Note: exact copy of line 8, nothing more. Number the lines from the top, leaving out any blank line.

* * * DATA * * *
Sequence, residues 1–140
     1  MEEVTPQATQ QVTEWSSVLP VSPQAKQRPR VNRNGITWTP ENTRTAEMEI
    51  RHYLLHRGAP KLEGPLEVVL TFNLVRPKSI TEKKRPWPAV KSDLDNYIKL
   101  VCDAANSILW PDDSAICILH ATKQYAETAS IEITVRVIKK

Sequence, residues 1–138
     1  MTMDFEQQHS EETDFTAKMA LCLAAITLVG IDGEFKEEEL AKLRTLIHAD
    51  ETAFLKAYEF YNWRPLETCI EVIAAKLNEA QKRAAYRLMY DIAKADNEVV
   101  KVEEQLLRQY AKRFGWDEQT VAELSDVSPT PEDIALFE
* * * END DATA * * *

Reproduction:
   101  KVEEQLLRQY AKRFGWDEQT VAELSDVSPT PEDIALFE